Intangible heritage

Rituals and Crafts-skills Linked to the Tradition of the Tlemcen Bridal Costume. ©Belkaid 2011
Rituals and Crafts-skills Linked to the Tradition of the Tlemcen Bridal Costume

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Language: English

Summary/Historical Context

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The wedding ritual of Tlemcen in northwestern Algeria commences in the parents' home, where the bride is dressed in a traditionally woven golden silk dress, surrounded by her friends and married female relations, the latter wearing their own wedding costumes. Symbolic henna designs are applied to her hands, and an older woman helps her don a caftan of embroidered velvet, jewellery and a conical hat. Rows of baroque pearls protect her vital and reproductive organs against evil spirits. On leaving the house, the bride is covered with a golden veil of silk. During the wedding feast a married woman from the bride's inner circle draws red and silver designs beneath the veil on the bride's cheeks and under her lower lip to purify and protect her. Once protected by her caftan, jewels and make-up, the bride removes her veil, ready to be wed. Girls in Tlemcen are initiated into the costume tradition at an early age, while the craftsmanship involved in making the precious wedding costume is transmitted from generation to generation. The rite symbolizes the alliance between families and continuity between generations, while the craftsmanship plays a major role in perpetuating the creativity and identity of the Tlemcen community.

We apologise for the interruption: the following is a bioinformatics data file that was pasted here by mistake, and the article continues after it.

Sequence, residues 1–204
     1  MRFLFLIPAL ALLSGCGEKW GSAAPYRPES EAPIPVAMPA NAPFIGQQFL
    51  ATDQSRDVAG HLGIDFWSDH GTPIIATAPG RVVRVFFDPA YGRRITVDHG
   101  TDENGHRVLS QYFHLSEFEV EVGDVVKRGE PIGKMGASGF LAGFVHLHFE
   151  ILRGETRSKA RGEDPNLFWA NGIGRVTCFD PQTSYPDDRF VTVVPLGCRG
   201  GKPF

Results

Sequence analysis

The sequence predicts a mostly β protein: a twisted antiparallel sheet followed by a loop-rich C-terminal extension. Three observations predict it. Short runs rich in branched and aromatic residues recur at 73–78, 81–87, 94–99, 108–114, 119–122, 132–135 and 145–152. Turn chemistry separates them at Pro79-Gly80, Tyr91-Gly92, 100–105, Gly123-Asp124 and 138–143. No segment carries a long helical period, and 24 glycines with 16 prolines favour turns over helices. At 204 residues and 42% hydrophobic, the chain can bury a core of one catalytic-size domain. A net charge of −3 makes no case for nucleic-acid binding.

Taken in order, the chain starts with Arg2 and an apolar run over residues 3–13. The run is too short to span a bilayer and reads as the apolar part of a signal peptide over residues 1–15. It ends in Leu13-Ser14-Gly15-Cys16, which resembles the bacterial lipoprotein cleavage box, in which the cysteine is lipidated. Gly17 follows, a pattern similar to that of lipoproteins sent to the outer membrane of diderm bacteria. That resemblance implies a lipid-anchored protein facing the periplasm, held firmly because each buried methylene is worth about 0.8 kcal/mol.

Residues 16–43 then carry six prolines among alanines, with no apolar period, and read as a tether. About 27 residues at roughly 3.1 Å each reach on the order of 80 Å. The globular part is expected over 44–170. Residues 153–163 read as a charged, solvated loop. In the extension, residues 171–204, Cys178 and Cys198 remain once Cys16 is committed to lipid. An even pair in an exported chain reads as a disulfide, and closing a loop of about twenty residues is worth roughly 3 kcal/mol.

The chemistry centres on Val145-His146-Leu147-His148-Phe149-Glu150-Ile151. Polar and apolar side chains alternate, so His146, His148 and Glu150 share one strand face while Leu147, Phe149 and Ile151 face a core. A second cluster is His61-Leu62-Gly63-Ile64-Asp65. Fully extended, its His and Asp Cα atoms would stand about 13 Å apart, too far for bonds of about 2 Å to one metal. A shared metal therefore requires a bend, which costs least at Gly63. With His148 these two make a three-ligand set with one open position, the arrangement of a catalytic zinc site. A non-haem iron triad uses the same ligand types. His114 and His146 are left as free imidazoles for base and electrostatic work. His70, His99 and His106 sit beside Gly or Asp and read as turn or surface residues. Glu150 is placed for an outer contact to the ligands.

on this subject: Nomination file/Dossier de candidature

Place/region Algeria, North Africa
Series: 2012 Inscriptions on the Representative List
Type: Documentary
Authors and personalities: Fethi Hadj Kacem, director.
Production: CNRPATH, producer. Algeria. Ministry of Culture, sponsor ; The National Research Centre for Prehistory, Anthropology and History, sponsor.
Published in:
Rights/Droits: CNRPAH

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